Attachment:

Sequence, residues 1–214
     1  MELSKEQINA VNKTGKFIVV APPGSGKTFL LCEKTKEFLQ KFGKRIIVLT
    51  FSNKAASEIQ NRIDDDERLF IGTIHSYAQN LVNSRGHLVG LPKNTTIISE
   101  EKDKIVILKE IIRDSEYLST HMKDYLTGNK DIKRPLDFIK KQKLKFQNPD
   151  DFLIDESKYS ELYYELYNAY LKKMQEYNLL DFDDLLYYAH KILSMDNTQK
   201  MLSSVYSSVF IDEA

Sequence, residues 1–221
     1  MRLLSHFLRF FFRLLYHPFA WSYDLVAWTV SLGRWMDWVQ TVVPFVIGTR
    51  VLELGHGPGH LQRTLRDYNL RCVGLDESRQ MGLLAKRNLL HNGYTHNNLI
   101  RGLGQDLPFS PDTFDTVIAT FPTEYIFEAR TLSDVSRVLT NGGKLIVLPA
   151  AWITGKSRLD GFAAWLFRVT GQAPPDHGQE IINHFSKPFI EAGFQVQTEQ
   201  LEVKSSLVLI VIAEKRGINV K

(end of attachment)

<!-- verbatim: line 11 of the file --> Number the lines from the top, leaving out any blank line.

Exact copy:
   151  AWITGKSRLD GFAAWLFRVT GQAPPDHGQE IINHFSKPFI EAGFQVQTEQ